Puget Sound Naval Shipyard (PSNS) and Intermediate Maintenance Facility (IMF) personnel bring the aircraft carrier USS Nimitz (CVN 68) into Drydock 6 at PSNS in Bremerton, Wash. PSNS and IMF personnel will work side by side with ship’s force teams to get the ship back in fighting condition and back to the Fleet. US Navy photo.
This post has been updated to include the redacted executive summary of NAVSEA’s shipyard optimization plan.
WASHINGTON NAVY YARD – The Navy plans to build momentum for its 20-year, $21-billion ship repair yard modernization plan through key early wins: proving that a redesign of the yard in Maine translates to a substantial increase in productivity, and renovating drydocks to accommodate the Navy’s newest nuclear-powered submarines and aircraft carriers. Read More
The following is the July 31, 2017 Congressional Research Service report, Navy Virginia (SSN-774) Class Attack Submarine Procurement: Background and Issues for Congress. Read More
Ingalls Shipbuilding in 2017. HII Photo
Congress and the Pentagon are in the midst of a two-year spending spree, and Huntington Ingalls Industries (HII) leadership is positioning the shipbuilder to capture as many contract awards as possible before the funding window closes, perhaps as early as the Fiscal Year 2020.
The following is the June 29, 2017 Congressional Research Service report, Navy Virginia (SSN-774) Class Attack Submarine Procurement: Background and Issues for Congress. Read More
Lt. Clay Greunke, assigned to Space and Naval Warfare Systems Command (SPAWAR), demonstrates three-dimensional scanning and virtual reality by walking through processed scanned data from the guided-missile destroyer USS Truxtun (DDG 103) [on right] compared to two-dimensional drawings of the ship [on left], on May 26, 2017. The SPAWAR 3D scanning team recently received the 2016 Secretary of the Navy’s innovation award in the category of automated process development for their development of virtual and augmented reality during an official ceremony on June 5, 2017. US Navy photo illustration.
A $50,000 investment in laser scanning equipment saved the Navy nearly $2 million during the planning effort for USS George Washington
‘s (CVN-73) refueling and complex overhaul. A small team of engineers with a LIDAR system did the work of the usual 20-person team, inspecting the nooks and crannies of the carrier to inform the overhaul plans.
Siemens PLM Illustration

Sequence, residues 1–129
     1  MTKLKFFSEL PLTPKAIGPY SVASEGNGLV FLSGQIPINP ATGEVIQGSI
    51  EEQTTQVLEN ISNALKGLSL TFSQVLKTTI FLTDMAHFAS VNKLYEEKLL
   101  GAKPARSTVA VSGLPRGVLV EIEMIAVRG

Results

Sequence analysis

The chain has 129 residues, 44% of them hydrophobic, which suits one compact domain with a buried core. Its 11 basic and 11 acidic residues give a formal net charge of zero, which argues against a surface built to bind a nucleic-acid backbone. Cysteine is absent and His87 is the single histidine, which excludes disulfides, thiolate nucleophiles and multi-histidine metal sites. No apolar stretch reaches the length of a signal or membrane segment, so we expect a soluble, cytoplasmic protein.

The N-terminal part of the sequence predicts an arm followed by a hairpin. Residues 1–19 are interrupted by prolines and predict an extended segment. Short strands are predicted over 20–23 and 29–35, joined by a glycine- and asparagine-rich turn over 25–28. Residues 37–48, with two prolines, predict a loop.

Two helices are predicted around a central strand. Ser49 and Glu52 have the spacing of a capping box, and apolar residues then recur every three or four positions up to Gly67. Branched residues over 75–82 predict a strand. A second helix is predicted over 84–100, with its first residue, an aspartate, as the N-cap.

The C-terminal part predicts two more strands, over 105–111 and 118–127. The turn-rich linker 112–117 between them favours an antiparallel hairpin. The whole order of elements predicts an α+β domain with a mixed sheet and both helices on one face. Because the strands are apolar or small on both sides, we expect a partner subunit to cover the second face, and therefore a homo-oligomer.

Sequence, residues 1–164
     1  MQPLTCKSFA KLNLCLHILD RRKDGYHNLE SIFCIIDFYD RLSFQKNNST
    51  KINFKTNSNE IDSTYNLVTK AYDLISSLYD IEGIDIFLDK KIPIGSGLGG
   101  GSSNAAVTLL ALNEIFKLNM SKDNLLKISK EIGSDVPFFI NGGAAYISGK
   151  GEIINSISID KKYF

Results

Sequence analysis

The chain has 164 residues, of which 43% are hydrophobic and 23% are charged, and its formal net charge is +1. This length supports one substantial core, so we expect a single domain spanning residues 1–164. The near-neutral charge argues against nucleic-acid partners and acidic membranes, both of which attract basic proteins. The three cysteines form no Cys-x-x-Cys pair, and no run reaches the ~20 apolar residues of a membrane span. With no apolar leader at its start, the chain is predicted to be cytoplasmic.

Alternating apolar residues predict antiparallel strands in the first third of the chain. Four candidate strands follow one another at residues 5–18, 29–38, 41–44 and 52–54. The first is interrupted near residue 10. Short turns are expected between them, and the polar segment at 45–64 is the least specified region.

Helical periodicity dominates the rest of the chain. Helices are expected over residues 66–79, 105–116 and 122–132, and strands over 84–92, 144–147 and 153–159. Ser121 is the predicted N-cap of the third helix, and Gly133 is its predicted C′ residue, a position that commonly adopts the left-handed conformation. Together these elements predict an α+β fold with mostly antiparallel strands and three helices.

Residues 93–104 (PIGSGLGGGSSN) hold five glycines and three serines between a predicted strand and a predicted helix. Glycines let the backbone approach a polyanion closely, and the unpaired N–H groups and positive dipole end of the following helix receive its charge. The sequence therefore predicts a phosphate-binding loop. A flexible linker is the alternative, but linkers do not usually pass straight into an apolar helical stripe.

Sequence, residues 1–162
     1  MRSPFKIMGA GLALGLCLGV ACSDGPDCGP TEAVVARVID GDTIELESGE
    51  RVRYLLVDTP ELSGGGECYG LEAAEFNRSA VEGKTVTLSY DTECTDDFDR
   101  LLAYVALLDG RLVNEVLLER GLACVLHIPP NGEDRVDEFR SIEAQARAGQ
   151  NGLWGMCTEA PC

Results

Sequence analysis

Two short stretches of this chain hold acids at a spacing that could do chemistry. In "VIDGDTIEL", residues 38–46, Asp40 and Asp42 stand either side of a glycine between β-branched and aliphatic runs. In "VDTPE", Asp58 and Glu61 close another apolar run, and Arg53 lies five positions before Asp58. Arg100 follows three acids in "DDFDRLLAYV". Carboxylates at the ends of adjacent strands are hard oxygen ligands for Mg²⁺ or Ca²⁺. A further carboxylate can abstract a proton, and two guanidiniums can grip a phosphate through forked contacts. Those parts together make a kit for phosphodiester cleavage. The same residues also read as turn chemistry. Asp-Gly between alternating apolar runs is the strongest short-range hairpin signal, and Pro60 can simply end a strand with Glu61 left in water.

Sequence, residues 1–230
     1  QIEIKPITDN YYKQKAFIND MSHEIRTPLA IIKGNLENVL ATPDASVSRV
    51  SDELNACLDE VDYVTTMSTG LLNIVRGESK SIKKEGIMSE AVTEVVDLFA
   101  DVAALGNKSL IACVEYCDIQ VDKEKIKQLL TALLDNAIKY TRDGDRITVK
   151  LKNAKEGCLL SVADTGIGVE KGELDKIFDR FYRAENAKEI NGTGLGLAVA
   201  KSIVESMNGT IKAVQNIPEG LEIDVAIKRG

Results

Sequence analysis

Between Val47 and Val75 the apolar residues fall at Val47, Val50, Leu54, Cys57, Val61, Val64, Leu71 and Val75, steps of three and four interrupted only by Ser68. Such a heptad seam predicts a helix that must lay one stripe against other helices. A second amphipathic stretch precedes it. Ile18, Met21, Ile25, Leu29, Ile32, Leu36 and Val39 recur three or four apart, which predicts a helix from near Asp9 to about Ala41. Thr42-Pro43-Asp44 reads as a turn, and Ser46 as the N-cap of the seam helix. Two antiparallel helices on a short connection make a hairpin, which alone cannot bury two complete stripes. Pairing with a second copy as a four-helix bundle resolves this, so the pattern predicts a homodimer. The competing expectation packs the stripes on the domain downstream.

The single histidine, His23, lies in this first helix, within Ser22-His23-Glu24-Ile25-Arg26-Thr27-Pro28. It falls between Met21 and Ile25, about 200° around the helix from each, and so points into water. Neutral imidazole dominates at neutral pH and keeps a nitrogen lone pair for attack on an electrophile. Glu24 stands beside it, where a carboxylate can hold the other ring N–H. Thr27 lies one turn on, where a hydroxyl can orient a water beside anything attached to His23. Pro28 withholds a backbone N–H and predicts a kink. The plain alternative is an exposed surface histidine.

WASHINGTON, D.C. — Digitization is increasingly serving as an important tool to drive down shipbuilding and repair costs, which will be vital to the Navy’s ability to afford its future larger fleet, the Navy’s top systems-buyer said on Tuesday.
USS Greeneville (SSN-772) sits atop blocks in Dry Dock #1 at the Pearl Harbor Naval Shipyard and Intermediate Maintenance Facility, Pearl Harbor, Hawaii, on Feb. 21, 2001. The Los Angeles class attack submarine is dry-docked to assess the damage and perform necessary repairs following a Feb. 9 collision at sea with the Japanese fishing vessel Ehime Maru off the coast of Honolulu, Hawaii. DoD Photo
CAPITOL HILL – Two attack submarines sent to private shipyards for routine maintenance availabilities are running a few months behind schedule. But the Navy hopes that using these new-construction yards for sub-maintenance on a regular basis will help them become reliable providers of on-time maintenance. Read More
The aircraft carrier USS George Washington (CVN 73) begins the transit to Newport News, Va., on Aug. 4, 2017, to begin a refueling and complex overhaul (RCOH) maintenance at Newport News Shipyard. US Navy photo.
USS George Washington (CVN-73) will return to Japan as the Navy’s only forward-deployed aircraft carrier once it completes a four-year Refueling and Complex Overhaul at Newport News Shipbuilding, USNI News has learned.
Newport News Shipbuilding cut a 35-ton steel plate to kick off advance construction of the aircraft carrier Enterprise (CVN 80) on Aug. 24, 2017. Ship’s sponsors and U.S. Olympic gold medalists Simone Biles (left) and Katie Ledecky (center), along with Newport News Shipbuilding President Jennifer Boykin (right), signed the steel that will become part of Enterprise’s foundation. Newport News Shipbuilding photo.
NATIONAL HARBOR, Md. — If the Navy decides to buy aircraft carriers CVN-80 and 81 together, Newport News Shipbuilding will be able to maintain a steady workload that supports between 23,000 and 25,000 workers at the Virginia yard for the next decade or so, the shipyard president told reporters last week. Read More
The galley deck is lowered into place on board the carrier John F. Kennedy (CVN79). Newport News Shipbuilding photo.
This post has been updated to include statements from Huntington Ingalls Industries President Mike Petters and House Armed Services seapower and projection forces subcommittee chairman Rep. Rob Wittman.
THE PENTAGON – The Navy today moved towards signing the first two-carrier contract since the Reagan Administration, asking builder Newport News Shipbuilding for additional data on the cost-savings potential for buying CVNs 80 and 81 together.